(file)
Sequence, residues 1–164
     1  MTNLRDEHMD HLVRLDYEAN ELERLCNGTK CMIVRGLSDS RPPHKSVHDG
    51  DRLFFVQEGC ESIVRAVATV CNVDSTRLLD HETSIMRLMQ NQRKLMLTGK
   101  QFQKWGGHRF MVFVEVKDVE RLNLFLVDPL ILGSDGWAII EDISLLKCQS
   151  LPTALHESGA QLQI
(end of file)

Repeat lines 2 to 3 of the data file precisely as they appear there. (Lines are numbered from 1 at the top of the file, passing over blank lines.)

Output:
     1  MTNLRDEHMD HLVRLDYEAN ELERLCNGTK CMIVRGLSDS RPPHKSVHDG
    51  DRLFFVQEGC ESIVRAVATV CNVDSTRLLD HETSIMRLMQ NQRKLMLTGK